"E=MC2." Hmm. "E(ntell)" = your average "emcee," squared. Okay, okay, not bad. With as little fanfare as a guy like Entell receives, something clever like that might sneak up on you. It's merely an album title, but it generally sums up how Entell works; beyond expectations. The cover of the LP shows him adorned in thugged out camouflage, a hood concealing all but a slightly gnarled upper lip. "Here we go..." might be as much as I uttered. The second I heard his voice, I strapped myself in for some thuggish ruggish bologna, and immediately began contemplating how many 4's and 5's one can deal out in a year's time.
It's evident that I've all-too comfortably adjusted to a low standard in underground hip-hop, but I can thank an artist like Entell for helping me realize it. Simply put, he has major label talent. His voice is reminiscent of Obie Trice, but he flows better (ain't that a bitch?). Charisma is rarely a problem for him, and the overused and underappreciated use of the punch line is actually done some justice. Entell possesses the rare ability to go hard without losing any lyrical cred, a feat in which even the wiliest of veterans struggle.
But in between telling "wack rappers to tuck the mic between their legs" and being "so hot your girl gotta blow me," Entell is plagued by the two most feared album assassins in all of hip-hop: inferior guests, and even worse, inferior production. With the guest spots, it is what it is; nearly all chorus crooners, they hardly compliment Entell's rhymes, and some (Paulette on "I Luv Hip Hop") work to ruin the whole song. And while some of the beats are nice (much of the sampling is certainly above average), it becomes increasingly apparent that Entell has been hooked up by the wrong demographic. "Looking At Me" is on some westside bounce, but Entell clearly belongs on a hard-hitting New Yorker. It's little surprise, then, that he sounds much better (and more comfortable) over the live *rock* version of "Standin' Ovation:" "whatever he say? Fuck it - I shoot the 45 through your whole line like T.J. Duckett."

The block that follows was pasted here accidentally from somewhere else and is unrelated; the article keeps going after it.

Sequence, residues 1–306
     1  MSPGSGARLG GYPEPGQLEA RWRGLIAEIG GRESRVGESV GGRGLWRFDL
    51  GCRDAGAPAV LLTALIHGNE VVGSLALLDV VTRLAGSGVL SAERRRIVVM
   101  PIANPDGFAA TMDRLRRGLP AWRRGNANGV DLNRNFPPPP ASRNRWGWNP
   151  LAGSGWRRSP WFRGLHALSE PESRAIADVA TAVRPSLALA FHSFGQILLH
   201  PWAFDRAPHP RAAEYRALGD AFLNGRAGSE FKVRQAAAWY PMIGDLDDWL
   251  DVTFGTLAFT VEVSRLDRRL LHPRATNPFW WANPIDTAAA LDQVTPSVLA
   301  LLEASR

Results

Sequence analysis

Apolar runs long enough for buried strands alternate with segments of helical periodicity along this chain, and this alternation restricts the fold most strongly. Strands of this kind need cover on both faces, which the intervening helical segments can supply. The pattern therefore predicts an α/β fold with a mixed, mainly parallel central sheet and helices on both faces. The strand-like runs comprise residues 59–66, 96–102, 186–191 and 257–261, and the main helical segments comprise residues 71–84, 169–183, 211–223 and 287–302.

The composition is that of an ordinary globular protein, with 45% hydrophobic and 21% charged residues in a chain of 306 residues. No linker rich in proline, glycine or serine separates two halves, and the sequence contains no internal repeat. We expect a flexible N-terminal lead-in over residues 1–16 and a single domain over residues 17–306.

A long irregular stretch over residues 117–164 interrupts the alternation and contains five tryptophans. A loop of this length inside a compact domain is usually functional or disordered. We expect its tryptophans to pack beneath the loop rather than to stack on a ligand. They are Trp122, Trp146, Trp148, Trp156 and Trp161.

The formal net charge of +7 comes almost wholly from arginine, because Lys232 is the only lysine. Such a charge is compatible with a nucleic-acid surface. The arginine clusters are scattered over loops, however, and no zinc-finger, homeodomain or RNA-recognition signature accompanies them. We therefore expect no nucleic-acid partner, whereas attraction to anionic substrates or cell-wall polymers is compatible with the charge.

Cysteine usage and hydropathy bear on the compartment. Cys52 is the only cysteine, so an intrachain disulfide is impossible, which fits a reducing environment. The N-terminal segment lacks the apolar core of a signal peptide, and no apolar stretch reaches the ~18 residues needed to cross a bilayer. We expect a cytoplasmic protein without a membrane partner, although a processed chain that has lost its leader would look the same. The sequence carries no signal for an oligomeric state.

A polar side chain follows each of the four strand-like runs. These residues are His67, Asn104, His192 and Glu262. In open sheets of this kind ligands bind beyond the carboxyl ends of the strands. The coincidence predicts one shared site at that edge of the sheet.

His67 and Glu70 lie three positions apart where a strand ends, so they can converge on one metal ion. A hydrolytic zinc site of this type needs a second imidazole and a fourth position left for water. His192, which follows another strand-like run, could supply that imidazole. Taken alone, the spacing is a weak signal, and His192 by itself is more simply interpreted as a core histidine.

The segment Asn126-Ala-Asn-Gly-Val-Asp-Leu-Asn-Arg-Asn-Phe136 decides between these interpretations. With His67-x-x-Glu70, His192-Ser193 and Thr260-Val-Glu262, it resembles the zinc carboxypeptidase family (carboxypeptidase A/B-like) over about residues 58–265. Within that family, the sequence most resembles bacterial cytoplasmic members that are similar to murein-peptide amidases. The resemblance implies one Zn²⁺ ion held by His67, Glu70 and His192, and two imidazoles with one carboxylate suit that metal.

This is easily the biggest problem with "E=MC2." Not only does the emcee outshine his production, but even when the beats are decent, they hardly match his style. "I'm Only Human" might have been a top 40 rap hit with Bow Wow, but Entell only does what he can to mesh. On the opening "Overthrow," Entell bounces off the wall with energy, even acknowledging his southern influences (he's from North Carolina), but the beat sounds like a throwaway from "Release Therapy." "Feelin' You" is ALMOST too smooth to hate, unfortunately the beat finally outshines Entell's mushy rhymes.
"Da Letter E" works hard to impress, emphasizing on the alliteration of the said character, but one can only do so much: "'cause niggas get eager and either talk or grab the eagle and hurt more than your ego/I eclipse the game, equip the thang, erase your name, and to them do the same." It certainly could have been a lot worse, but the same could be said about the war on terror. Entell and his crew of flunkies floss when there's no room on "Whatever You Want," featuring a chorus that's just as good as prying at the BET office doors: "show your grill, get money, do your thang, show your chain." Yeah, whatever.
To his credit, "E=MC2's" shortcomings have little to do with Entell the emcee. "I came back, did music, didn't listen/I'm sorry dad, I know you don't agree with my decisions." It's this kind of determination that's only necessary for Entell to succeed, not only with his album but surely in a career in rap. His beats might not be ideal, but it's all gravy, baby; "E=MC2" is easier to appreciate than it is to enjoy.
Music Vibes: 5.5 of 10 Lyric Vibes: 7 of 10 TOTAL Vibes: 6 of 10
Originally posted: December 12, 2006